We also discussed the major change that occurred in the Laws of 2004 (mandating AEDs in all New York state buildings by March 31, 2010), and discussed how I should account for that in my research.
Thank you for this context.
Here is my modified request:
1) I request a copy of the "one-button" statewide report on New York State's PAD program, as drawn from your mainframe.
2) I request a copy of the 2006 Bureau of EMS Policy Statement 06-03, on public access defibrillation, which superseded the initial 1998 Bureau of EMS Policy Statement 98-10 on public access defibrillation, and which was superseded by policy 07-04 on September 27, 2007.
3) I request copies of the quarterly reports that New York's REMSCOs have submitted to DOH on PAD programs within the last 365 days. Given that there are eighteen REMSCOs listed at https://www.health.ny.gov/professionals/ems/regional.htm I anticipate that this would result in about 72 documents (perhaps slightly fewer if some agencies have changed reporting calendars over the course of the year).
4) I request a copy of the list of enrollees in a PAD program that the Bureau of Emergency Medical Services (BEMS) provided to the Department (likely to Timothy Shay) in 2013 pursuant to a question from the State Camp Safety Advisory Council, per the meeting minutes of April 24, 2013 and October 30, 2013 (link: https://www.health.ny.gov/environmental/outdoors/camps/safety_advisory_council/meetings/2013-30-10/minutes.htm and https://www.health.ny.gov/environmental/outdoors/camps/safety_advisory_council/meetings/2013-24-4/minutes.htm).
5) I request a copy of a Department of Health ad hoc report or study, department annual report, newsletter or memorandum that mentions the total number of AED units available via the state's PAD program, or the number of PAD program enrollees, at any point from January 1, 2001 to December 31, 2003. I recognize that this could potentially be a search resulting in an enormous number of documents; a single document from that time period would be sufficient for my purposes. If this search is too burdensome for you to carry out, please let me know and I can try to figure out how to aid in reducing the burden.
Ideally I would prefer electronic copies of the reports emailed to me, but if that isn't possible then I am happy to help figure out a mutually convenient method of transfer.
In addition, during our call, you mentioned that you would be happy to introduce me to several regional EMS councils that are likely to have the capacity to easily provide requested PAD data, such as (for example) Central New York REMSCO and North Country REMSCO, and ask them to help me with this research. I recall that one of you suggested that a sample size of about five REMSCOs would make sense. I appreciate any introductions you can provide, and would particularly appreciate an introduction to New York City REMSCO.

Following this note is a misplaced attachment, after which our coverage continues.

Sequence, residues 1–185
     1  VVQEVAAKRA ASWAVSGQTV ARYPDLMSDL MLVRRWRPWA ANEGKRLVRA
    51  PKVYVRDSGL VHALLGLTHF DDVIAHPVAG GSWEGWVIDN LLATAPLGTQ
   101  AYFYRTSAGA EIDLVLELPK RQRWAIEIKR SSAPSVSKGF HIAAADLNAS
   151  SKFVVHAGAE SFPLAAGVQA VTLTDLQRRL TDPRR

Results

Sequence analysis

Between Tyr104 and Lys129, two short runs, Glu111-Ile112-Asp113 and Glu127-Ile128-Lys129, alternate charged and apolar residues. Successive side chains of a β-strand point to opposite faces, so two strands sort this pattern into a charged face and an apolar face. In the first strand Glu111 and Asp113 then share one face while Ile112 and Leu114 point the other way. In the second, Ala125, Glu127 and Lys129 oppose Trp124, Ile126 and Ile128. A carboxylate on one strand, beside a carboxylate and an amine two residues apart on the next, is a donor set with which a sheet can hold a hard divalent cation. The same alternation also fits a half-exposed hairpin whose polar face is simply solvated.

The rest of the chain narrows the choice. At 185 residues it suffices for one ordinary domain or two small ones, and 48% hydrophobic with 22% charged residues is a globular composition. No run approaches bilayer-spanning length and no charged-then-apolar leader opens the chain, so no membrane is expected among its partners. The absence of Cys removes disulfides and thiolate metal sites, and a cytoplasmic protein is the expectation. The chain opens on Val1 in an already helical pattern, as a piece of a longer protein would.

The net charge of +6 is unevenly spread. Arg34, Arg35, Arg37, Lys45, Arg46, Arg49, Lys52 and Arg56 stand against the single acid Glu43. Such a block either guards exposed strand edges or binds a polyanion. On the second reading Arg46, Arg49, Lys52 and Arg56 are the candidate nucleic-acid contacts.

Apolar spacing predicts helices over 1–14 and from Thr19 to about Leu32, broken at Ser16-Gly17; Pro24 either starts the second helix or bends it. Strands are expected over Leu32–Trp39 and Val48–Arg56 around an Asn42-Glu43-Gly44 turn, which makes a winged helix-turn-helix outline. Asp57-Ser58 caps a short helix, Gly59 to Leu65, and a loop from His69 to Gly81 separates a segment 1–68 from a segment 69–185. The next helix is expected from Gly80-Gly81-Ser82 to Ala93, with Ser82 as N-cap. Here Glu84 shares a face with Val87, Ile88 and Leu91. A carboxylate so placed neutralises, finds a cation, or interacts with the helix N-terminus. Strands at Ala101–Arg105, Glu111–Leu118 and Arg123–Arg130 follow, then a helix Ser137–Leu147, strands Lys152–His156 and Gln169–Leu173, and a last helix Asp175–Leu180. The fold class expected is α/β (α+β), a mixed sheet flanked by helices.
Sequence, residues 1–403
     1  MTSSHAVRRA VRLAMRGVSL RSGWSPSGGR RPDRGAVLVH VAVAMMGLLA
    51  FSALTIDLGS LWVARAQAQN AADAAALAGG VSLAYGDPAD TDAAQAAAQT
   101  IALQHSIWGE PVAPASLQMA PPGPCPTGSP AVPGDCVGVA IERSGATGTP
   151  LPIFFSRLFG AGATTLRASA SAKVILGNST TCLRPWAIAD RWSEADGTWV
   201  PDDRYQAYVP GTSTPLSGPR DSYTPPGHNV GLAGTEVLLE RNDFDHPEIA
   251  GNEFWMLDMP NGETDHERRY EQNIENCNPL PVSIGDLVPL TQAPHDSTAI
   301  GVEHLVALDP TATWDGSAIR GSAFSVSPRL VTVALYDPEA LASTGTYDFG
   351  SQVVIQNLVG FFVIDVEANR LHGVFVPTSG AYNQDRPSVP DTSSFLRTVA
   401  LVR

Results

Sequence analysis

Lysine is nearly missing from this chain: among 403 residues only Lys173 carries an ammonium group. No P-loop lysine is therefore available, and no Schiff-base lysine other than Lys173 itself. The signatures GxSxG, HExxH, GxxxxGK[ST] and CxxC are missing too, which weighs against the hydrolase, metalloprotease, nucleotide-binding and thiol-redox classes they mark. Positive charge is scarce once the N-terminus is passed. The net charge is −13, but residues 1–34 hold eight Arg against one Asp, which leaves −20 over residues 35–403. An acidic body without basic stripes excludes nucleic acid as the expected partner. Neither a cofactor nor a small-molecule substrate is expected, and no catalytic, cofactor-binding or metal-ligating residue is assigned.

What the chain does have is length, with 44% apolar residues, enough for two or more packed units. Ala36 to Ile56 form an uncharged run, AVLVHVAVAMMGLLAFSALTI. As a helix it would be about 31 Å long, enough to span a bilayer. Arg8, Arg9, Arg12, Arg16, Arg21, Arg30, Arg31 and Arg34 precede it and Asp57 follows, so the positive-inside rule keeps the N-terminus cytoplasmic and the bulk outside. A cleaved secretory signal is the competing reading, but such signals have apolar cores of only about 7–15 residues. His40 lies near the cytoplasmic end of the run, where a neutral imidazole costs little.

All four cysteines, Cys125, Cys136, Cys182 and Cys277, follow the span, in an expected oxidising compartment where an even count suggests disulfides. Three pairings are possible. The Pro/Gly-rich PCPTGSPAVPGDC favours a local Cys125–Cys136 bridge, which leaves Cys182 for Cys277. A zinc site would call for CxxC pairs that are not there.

Also: My understanding is that your one-button report does not indicate when new or updated Notices of Intent were entered, and thus cannot help provide insight into changes over time. If it is not too much trouble for you to check whether *the mainframe itself* (separate from your reporting dashboard) keeps track of the dates of new and updated notices, I would welcome that infomation; as a programmer I might be able to suggest a manual query that would provide me with data that would help me.
Thank you again; please feel free to reply or call to clarify or further discuss any aspect of this request.
After looking at the current contract deliverables again, neither Regional EMS Councils nor the Regional EMS Program Agencies are required to submit PAD quarterly reports.
Please modify your request accordingly.
As was mentioned during our phone call of Thursday 2/24/17, it is strongly recommended that you partner with several of our Regional EMS Program Agency contractors Statewide to obtain local/regional PAD data. We hold that they will be an asset to you with your project and we would be willing and able to provide solid contact information for the contractors.
With regard to the other parts of your FOIL request, they are being worked on.
I didn't reply to modify my request (my own fault there) and received a response on March 15th 2017 with the following documents:
(adapted from my August 7th 2018 blog post)
I decided to get some lessons from a driving school. I saw one in my area advertises itself as registered with New York State Department of Motor Vehicles as a driving school, and thought I may as well do my due diligence and check the accuracy of that claim.
Well, New York State DMV does regulate and certify driving schools and driving instructors; a driving school needs a license to sell instruction, which involves many requirements and forms.
But NYS DMV does not publish a list of driving school licensees. The NYS DMV provides a DMV-Regulated Facilities search on its site, for car repair shops, auto dealers, etc., but that does not include licensed driving schools. And the site lists providers of the in-classroom Point and Insurance Reduction Program (PIRP), in case you seek that. But I wanted behind-the-wheel lessons, not PIRP.
Short-term solution which I found and used in 2018: you can call the NYS DMV's Bureau of Driver Training Programs (DTP) at Long-term solution: on August 7th 2018 I filed a Freedom of Information Law request for the list of licensed driving schools (FOIL request numbered 2018-2053), which they fulfilled on January 28th 2019, so you can now look up individual schools on that list (about 600 licensees). And I nominated that list in a dataset for New York's Open Data portal, also on August 7th 2018.
Long-term solution: on August 7th 2018 I filed a Freedom of Information Law request for the list of licensed driving schools (FOIL request numbered 2018-2053), which they fulfilled on January 28th 2019, so you can now look up individual schools on that list (about 600 licensees).
And I nominated that list in a dataset for New York's Open Data portal, also on August 7th 2018.